You’ve likely seen news in recent weeks about Campari’s Shaken Not Broken initiative, a three phase campaign designed to help venues get through their toughest fight yet.
Last week we covered how the campaign was being rolled out, with good feedback from venues in Sydney and Melbourne. And now, as momentum behind the movement grows, so too has it’s reach, extending beyond the two cities and across the country into regional and metropolitan Australia.
One prime example of this is at Santé Cocktail Bar in Toowoomba, Queensland. Opened in December 2019 by Alexandra Percy and Loïc Mouchelin, the bar usually boasts a menu featuring 160 odd cocktails, reduced to an offering of 20 for takeaway at the moment.
“The Campari initiative is exactly how we feel right now; Shaken, not Broken,” Percy and Mouchelin told Bars and Clubs.
“Shaken not Broken will allow us to offer individual Negronis at a special price. Our normal offering is four cocktails in a 500ml bottle so this will be a more cost-effective option, especially for hospitality staff around the area.”
“It will allow us to offer people a new option as well as use it to support other local businesses. It also takes a strain off our finances a little and means that we can continue not only our business but also initiatives that we have implemented and are important to us.”
Santé has a strong commitment to creating something where everyone feels at home. By teaming up with other businesses, or doing what they can to foster a sense of community, they hope to help everyone in the area pull through this tough time onto the other side. Some examples include the single serve Negroni being cross promoted with a local Italian restaurant’s pizza special this weekend, and discounts on Mondays for hospitality and health workers.
“It has allowed us to build up a real community in these areas which in hospitality is especially lacking in such a rural area… We have the opportunity to talk to everyone when they come to pick up their order and they all say they love what we are doing and hope it will continue after everything is allowed to reopen,” Percy and Mouchelin said.
“This is our industry and it’s so important for all of us that everyone survives this! Competition is never a bad thing, it opens up the industry and provides so many opportunities for guests and customers but also for people working in the industry to work and visit many different places with many different offerings.”
Meanwhile, in regional New South Wales, another bar is seeing great results from the Shaken Not Broken.
Morgan Cabot, Owner and Bartender at tropical dive bar Rama in Maitland, told Bars and Clubs that the initiative helped give them confidence to rework the bar’s atmosphere and attitude into canned cocktails.
“We’re actually stoked with the new range. The flavours are the same ones we have always used as our focus – big, tropical and fruity – but the new format makes them easier to understand and get people trying new things. We are keen to continue exploring this concept and style, even after lockdowns are lifted,” Cabot said.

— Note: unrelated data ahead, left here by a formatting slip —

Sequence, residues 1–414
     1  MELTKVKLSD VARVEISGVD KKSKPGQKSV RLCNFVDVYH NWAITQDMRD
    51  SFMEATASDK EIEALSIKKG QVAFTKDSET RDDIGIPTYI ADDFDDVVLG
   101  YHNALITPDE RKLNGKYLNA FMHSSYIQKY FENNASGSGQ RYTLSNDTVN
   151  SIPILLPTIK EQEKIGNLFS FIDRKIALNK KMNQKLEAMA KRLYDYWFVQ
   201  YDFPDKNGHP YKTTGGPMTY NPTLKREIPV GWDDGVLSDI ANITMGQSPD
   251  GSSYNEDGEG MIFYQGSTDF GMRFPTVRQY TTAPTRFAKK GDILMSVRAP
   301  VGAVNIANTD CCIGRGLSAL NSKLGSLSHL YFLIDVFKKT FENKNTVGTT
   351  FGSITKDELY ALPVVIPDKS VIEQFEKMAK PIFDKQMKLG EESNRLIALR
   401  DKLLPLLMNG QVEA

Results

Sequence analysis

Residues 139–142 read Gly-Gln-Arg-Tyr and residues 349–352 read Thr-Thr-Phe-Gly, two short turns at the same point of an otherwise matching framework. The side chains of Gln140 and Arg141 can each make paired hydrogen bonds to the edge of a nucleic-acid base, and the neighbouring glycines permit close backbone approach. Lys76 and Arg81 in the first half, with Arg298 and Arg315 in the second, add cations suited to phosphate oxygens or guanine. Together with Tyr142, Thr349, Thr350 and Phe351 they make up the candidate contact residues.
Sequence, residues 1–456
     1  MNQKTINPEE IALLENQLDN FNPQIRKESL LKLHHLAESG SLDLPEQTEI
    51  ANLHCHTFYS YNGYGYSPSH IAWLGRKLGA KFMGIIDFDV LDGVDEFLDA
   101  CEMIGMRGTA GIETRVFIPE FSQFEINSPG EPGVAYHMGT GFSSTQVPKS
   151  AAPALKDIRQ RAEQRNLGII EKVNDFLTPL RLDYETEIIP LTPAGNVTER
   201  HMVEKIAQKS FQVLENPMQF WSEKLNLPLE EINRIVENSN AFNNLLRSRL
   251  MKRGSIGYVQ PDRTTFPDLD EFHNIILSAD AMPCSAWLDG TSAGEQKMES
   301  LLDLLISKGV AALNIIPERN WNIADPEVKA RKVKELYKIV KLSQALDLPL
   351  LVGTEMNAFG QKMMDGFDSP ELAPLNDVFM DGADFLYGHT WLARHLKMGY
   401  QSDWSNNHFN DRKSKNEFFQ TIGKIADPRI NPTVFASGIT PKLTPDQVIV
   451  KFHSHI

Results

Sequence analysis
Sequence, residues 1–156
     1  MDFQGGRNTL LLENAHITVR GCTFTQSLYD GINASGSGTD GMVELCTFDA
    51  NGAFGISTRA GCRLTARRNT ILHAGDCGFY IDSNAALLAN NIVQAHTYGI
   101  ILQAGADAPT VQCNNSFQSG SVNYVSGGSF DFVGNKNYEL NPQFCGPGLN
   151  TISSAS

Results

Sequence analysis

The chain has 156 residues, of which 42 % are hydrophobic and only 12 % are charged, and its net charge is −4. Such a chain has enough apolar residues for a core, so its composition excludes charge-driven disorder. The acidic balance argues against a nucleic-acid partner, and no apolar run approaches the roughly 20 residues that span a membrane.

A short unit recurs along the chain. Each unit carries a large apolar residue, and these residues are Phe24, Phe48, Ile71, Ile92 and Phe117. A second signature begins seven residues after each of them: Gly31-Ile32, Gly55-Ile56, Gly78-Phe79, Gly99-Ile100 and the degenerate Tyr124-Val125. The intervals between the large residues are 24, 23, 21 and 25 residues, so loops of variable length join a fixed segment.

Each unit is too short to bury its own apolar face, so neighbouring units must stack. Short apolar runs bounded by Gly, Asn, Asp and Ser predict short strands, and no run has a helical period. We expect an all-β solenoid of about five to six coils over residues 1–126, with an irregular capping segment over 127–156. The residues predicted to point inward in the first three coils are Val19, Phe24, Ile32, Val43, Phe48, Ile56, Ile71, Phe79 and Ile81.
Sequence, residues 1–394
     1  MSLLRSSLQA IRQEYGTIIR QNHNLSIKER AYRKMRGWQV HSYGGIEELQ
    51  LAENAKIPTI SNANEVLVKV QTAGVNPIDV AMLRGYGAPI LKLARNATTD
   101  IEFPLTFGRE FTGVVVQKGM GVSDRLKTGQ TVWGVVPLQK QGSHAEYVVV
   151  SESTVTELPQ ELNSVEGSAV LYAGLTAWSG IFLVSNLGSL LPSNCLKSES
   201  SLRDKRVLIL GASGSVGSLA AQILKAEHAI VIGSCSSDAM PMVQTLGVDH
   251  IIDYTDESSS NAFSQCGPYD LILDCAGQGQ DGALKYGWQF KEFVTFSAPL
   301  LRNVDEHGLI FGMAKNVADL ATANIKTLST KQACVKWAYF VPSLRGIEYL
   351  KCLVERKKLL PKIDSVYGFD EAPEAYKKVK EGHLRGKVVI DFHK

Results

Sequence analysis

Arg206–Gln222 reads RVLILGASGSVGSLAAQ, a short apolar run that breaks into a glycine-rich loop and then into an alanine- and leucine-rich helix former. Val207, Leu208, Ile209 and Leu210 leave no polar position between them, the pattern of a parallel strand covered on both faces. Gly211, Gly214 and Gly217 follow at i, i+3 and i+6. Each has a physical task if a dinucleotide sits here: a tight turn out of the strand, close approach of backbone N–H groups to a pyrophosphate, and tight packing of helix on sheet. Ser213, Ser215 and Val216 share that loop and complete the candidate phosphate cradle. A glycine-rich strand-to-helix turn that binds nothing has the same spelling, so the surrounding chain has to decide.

“At a time when there are significant supply chain interruptions, and the uncertainty of what’s happening tomorrow leaves bar managers hesitant to order too much stock, The Shaken Not Broken initiative has allowed us to do what we do best and given us not just stock to help the bottom line, but room to experiment with old ideas and rework them to the new paradigm.”
Community support for the new style of offering has been incredible for Rama, which Cabot hopes could be a sign that innovation will continue to thrive through adversity in the industry. Like Percy and Mouchelin pointed out, coming together for the better is what matters most right now.
Cabot said: “It’s super important that we see an often fractured industry come together — not just to save our collective souls — but also to ensure that when this is all over, we can use our voice to press for better conditions for everyone. I’m hopeful that we will see some positive changes come from this difficult situation that will help our industry thrive.
That same sentiment is felt further south, all the way down in Tasmania at Rude Boy in Hobart. Co-owner Rohan Massie said they “basically had to become a bottle shop overnight” with an offering completely different to what they usually had at the bar. But it’s an experience that can be learned from.
“There’s always two ways things can go and it’s up to us to find the silver lining in all of this. Whether that is seeing the way the industry really has come together over the last couple of months or using the inevitable down time we all have to learn and push ourselves. We should all be aiming to go back into the bar better and more knowledgeable than when we left,” Massie said.
Shaken Not Broken has helped take some of the risks and costs from Rude Boy’s shoulders, as they build their knowledge, playing around with bottling signature and classic cocktails to find a way to successfully operate in this new normal. As with Santé and Rama, Rude Boy customers have backed the new offering with immense support.
As Massie said: “There’s just something about being able to drink a Negroni at home that’s so luxurious even if you are in your Sunday trackies!”
It’s pretty incredible to see how venues across the country are not only doing what they can for themselves, but also paying it forward while kicking goals for innovation and ingenuity in this industry. As we move along a slow staggered path to reopening, showcasing and supporting this will do wonders for the recovery of bars big and small.